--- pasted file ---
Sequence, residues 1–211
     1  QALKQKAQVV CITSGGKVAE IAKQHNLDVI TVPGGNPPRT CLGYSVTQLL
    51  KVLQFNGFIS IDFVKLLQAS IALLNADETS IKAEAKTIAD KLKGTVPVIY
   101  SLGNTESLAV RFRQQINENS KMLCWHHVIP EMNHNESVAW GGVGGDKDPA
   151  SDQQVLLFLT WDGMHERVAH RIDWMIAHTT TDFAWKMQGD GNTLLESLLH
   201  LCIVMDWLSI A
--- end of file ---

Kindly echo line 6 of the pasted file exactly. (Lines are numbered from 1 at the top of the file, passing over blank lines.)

   201  LCIVMDWLSI A